Way back in the 1970s there was a song called “One Day at a Time”. 

    It was covered by countless singers.  In Ireland, the most notable was a singer known simply as Gloria.

    It’s a song that resonates with many people directly or indirectly dealing with addiction.  And is considered by many as a way of coping.  As a way of living.

    Years later, when I was studying project management, I heard the phrase again – “One Day at a Time”.  But, this time, the context was very different.  It was given as an answer to a question:

    “How do projects get late?”

    In your business you have at least one project on the go at any time – whether or not you actually use the word “project”.  It’s something you want to accomplish – whether for a client or for your business.  It’s some sort of endeavour that is temporary and is intended to create something.

    This makes you a project manager – even if that’s a label you don’t use.

    And that “manager” word is important.  Projects need management.  You need to delicately balance time, cost, scope & quality.  If you deliver the defined result on time, within budget and to the requisite quality level then your project is technically a success.  (On a more human level you also need the “thing” to be useful and for the people putting up the money to be happy.)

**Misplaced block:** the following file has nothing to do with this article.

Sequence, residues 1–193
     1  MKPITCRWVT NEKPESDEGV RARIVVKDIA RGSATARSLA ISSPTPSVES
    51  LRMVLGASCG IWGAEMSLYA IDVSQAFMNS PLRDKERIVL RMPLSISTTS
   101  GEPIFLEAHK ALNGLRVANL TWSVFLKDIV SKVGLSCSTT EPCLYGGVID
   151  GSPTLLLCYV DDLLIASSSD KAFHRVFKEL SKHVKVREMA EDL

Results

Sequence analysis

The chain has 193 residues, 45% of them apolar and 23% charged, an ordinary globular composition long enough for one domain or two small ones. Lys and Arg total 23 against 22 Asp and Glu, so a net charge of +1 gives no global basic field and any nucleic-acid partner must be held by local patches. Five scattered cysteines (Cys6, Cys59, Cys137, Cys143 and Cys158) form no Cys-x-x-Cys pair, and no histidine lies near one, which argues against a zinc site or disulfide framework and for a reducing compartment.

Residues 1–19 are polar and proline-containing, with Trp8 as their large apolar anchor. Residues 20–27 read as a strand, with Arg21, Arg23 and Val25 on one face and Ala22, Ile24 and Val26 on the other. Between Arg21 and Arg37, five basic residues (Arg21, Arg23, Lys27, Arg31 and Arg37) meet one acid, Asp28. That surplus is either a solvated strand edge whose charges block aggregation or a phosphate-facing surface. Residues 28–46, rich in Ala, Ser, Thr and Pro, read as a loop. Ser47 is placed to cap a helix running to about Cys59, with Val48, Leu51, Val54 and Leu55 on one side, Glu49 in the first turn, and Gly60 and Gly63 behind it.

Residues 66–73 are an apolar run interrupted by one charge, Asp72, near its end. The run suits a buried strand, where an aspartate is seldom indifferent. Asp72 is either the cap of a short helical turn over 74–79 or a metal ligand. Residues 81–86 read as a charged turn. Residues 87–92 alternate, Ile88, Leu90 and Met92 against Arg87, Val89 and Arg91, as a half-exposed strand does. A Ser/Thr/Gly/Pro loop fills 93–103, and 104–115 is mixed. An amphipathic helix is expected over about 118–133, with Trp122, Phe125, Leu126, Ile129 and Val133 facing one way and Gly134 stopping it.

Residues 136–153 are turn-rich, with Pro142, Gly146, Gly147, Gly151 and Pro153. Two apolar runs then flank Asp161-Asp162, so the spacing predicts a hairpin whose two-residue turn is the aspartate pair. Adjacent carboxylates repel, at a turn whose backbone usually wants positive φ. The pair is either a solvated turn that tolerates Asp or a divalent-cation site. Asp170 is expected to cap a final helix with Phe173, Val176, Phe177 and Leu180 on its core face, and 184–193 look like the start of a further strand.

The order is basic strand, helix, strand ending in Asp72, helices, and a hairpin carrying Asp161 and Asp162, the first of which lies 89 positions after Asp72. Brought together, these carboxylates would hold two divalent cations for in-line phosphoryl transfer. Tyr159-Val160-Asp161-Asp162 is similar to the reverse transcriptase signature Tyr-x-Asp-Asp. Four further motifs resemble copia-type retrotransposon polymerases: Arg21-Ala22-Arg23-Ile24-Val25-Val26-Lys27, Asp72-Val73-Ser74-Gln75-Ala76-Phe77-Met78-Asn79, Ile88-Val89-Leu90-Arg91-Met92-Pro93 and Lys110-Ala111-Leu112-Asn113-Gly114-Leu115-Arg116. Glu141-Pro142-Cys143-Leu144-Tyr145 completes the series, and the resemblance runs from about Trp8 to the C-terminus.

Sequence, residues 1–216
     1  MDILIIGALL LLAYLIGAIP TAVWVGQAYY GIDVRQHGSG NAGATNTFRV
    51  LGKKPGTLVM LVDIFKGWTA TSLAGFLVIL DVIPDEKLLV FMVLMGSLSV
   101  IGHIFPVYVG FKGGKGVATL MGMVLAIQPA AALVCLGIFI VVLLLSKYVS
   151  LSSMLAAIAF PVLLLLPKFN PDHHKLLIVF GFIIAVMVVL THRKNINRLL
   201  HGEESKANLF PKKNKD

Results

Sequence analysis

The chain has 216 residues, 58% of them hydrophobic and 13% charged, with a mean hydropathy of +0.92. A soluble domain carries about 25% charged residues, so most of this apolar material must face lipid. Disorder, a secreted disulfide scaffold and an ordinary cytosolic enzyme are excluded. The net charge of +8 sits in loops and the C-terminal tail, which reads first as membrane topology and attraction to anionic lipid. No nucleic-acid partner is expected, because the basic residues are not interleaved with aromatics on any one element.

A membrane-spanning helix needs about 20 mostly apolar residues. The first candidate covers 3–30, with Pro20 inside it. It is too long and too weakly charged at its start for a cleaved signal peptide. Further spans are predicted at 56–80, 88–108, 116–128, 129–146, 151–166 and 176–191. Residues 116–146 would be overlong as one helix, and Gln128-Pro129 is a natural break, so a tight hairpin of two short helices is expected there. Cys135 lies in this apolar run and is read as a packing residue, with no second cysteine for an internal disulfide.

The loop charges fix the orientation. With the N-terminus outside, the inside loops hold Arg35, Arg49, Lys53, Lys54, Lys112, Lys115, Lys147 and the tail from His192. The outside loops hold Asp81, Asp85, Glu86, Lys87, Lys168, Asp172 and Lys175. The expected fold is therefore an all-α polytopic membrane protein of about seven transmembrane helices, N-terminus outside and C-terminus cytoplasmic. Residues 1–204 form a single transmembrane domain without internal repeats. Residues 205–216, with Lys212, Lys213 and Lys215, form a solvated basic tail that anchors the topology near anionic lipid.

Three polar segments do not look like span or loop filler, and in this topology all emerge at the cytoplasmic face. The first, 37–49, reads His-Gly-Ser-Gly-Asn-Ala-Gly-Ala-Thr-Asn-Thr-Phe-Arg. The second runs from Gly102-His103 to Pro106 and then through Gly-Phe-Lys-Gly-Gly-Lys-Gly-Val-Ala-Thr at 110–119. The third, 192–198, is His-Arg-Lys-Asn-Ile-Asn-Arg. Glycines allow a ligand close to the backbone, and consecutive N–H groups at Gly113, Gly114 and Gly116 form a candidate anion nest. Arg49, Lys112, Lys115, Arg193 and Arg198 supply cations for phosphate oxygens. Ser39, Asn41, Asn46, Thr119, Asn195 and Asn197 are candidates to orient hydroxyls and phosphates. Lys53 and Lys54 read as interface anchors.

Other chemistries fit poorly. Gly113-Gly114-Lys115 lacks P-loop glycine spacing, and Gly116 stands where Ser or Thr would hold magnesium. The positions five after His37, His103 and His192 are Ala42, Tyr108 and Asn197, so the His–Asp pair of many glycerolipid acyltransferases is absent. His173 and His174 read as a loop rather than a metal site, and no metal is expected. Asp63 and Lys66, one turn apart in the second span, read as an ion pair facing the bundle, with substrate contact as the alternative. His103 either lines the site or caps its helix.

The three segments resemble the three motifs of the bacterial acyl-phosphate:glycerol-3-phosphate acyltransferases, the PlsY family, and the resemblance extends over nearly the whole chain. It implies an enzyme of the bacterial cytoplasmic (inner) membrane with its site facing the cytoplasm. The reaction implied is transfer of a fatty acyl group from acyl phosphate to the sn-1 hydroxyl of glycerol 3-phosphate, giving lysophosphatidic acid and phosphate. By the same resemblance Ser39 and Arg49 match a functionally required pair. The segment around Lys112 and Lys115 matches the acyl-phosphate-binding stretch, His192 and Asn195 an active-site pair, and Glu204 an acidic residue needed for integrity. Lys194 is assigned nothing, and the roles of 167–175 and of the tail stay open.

One common way projects fail is by being late. 

    And that happens, one day at a time.

    Individual days matter. 

    Might this be a good time to go assess your projects’ schedules?  And, if they don’t have schedules, might this be a good time to define schedules?

    Adopting a project mindset can be very powerful because it requires you to identify them, consider the appropriate number of them to have on the go at any time, their relative importance, their risks, etc.  
    Go get ’em!

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